October 25, 2017 — April 15, 2018
The new exhibition in Fashion Museum is devoted to the history of the Christian Dior Fashion House and the 70th anniversary of the famous New Look collection. The exhibition features many costumes from the collection of fashion historian Alexandre Vassiliev – costumes created by Christian Dior and his successors, Yves Saint-Laurent, Marc Bohan, Gianfranco Ferré and John Galliano, all created while they were creative directors of the Christian Dior Fashion House. Exhibition also includes costumes of the 1940’s and costumes created in other famous fashion houses of the 1950’s, including those by Pierre Balmain.
The Dior exhibition provides a vivid insight into the fashion trends of the second half of the 20th century. It also explains how Dior – sometimes called the fashion dictator and the pin tyrant – played such a significant role in shaping them. Visitors are able to see the changes that took place in the late 1940’s and early 50’s and understand the inspiration of Christian Dior from his professional way of working in the Robert Piguet Fashion House to the creation of his own fashion empire. The exhibition also demonstrates how the “Dior style”, combining his excellent sense of line, the “architecture” of clothes, details and nuances of colour became the guiding light for the Fashion House even after his death.
Christian Dior, the great couturier, wrote in his autobiography entitled “Christian Dior and I” (Christian Dior et moi): “Fashion is always right. Its truth is deeply rooted and neither fashion designers nor fashion lovers are sure of the reasons why.” These words can be easily applied to the famous “Corole” collection of Dior in 1947, which was later called the New Look. Even Dior himself did not know the kind of stir these costumes would create in the wake of war-torn Europe... “First of all, I wanted to demonstrate perfect work. I did not intend to cause a fashion revolution; I wanted to fulfil my creative intentions faithfully. However, it so happened that my small act was like a bomb exploding in our superficial era.”
Christian Dior's “explosion” came at the right time – women all over the world had been waiting for something new and appropriate for the time. The silhouette offered by Dior with a slim waistline, accentuated chest, low shoulder straps and wide skirts which resembled petals met all these requirements. The fashion house became famous in an instant – immediately after the first collection being shown to the public. The elegant costumes which highlighted the shape of women and recalled the luxury of the pre-war years when Paris was the fashion capital of the world were admired by some. However, others were offended and angered by the style. Some did not like the way that women were being forced back to corsets again; others found it too expensive-looking and elitist for grey war-torn France and were unhappy that these clothes were made from so many metres of fabric. Nevertheless, thousands of seamstresses around the world copied Dior's silhouette in the best way they could. Dior was both hated and adored; everybody talked about him everywhere.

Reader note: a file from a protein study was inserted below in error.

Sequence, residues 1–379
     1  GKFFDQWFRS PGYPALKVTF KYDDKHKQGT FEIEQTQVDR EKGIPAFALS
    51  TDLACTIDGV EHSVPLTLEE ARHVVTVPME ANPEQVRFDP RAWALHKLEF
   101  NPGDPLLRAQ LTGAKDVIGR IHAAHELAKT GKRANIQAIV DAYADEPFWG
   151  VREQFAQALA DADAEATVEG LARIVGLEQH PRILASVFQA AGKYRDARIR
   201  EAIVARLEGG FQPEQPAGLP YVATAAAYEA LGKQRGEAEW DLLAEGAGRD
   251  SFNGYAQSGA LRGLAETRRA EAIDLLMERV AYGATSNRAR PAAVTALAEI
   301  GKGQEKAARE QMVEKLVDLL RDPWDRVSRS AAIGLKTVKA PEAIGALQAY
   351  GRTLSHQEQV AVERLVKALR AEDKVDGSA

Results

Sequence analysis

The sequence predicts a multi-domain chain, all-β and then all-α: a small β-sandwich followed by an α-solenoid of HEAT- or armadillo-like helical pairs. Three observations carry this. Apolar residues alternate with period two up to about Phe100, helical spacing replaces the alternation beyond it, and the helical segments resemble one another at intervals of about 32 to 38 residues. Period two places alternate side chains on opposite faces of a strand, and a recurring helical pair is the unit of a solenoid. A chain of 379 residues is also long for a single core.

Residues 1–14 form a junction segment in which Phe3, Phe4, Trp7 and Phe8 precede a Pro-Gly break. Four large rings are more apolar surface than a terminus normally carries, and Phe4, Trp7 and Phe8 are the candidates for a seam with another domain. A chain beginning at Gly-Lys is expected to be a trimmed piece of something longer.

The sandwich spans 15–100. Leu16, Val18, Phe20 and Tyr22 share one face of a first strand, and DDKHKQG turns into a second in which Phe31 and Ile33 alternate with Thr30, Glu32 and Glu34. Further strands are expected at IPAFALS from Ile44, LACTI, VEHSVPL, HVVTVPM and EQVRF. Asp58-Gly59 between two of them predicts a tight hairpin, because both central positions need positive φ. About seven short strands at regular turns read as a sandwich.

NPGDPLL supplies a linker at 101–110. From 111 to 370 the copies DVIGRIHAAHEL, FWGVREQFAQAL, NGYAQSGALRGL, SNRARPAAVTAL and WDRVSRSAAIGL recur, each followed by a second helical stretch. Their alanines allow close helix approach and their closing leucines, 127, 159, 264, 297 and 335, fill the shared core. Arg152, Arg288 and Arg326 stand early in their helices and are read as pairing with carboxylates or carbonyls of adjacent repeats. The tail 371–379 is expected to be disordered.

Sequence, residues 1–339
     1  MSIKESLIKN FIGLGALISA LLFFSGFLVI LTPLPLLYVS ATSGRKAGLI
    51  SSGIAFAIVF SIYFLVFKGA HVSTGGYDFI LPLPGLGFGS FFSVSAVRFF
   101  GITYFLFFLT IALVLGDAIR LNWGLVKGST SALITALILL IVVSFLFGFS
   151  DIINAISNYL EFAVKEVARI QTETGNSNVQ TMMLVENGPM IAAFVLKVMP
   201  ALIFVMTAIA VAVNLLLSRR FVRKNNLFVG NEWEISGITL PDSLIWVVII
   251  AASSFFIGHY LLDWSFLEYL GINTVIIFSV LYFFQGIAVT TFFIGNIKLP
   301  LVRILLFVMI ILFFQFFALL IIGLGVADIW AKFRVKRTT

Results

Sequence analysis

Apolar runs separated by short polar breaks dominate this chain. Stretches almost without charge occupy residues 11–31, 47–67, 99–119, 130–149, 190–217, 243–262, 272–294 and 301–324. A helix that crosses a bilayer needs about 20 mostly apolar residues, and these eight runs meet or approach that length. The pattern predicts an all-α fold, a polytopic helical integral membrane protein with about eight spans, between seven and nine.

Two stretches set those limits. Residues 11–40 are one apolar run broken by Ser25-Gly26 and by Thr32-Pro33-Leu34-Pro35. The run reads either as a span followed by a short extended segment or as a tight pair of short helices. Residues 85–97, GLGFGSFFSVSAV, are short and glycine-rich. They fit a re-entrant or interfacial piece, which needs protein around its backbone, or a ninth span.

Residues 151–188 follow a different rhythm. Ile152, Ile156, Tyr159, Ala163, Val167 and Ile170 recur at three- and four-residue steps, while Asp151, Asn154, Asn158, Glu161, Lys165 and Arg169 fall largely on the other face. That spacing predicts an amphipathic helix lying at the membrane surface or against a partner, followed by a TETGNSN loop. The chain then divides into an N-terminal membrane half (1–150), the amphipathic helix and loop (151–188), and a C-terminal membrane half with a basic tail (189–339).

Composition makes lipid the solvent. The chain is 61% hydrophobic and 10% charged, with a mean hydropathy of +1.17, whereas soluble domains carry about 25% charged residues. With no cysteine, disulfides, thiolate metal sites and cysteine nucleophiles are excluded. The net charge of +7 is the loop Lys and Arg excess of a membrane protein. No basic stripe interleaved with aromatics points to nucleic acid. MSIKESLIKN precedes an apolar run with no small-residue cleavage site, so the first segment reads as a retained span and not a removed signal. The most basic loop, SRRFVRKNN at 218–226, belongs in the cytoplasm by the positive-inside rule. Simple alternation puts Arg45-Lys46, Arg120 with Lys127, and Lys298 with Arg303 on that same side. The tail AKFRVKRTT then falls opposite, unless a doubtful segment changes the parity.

At the same time, Christian Dior was looking to the past where he found inspiration in childhood memories, gardens, paintings, interiors, silhouettes of historical costumes while also looking to the future. It was not for nothing that the fashion designer described his first collection with the words: “Youth, hope, the future!” He wanted to see women as flowers again – elegant, sophisticated, feminine and happy...
Dior succeeded in this vision. The romantic and nostalgic silhouette he thought of in 1947 set the tone for fashion for the whole of the 1950’s. Dior is a symbol: a symbol of the century, the age and finally a symbol of femininity. For many Dior is still associated with the sophistication of Paris and the highlights of fashion. As the fashion historian and collector Alexandre Vassiliev said with laconic precision: “There are three inseparable concepts in the fashion world: elegance, taste and Dior.”
individual, unguided tour 7€
pupils, students and seniors 5€
guided tour 20€
children under 5 years – free admission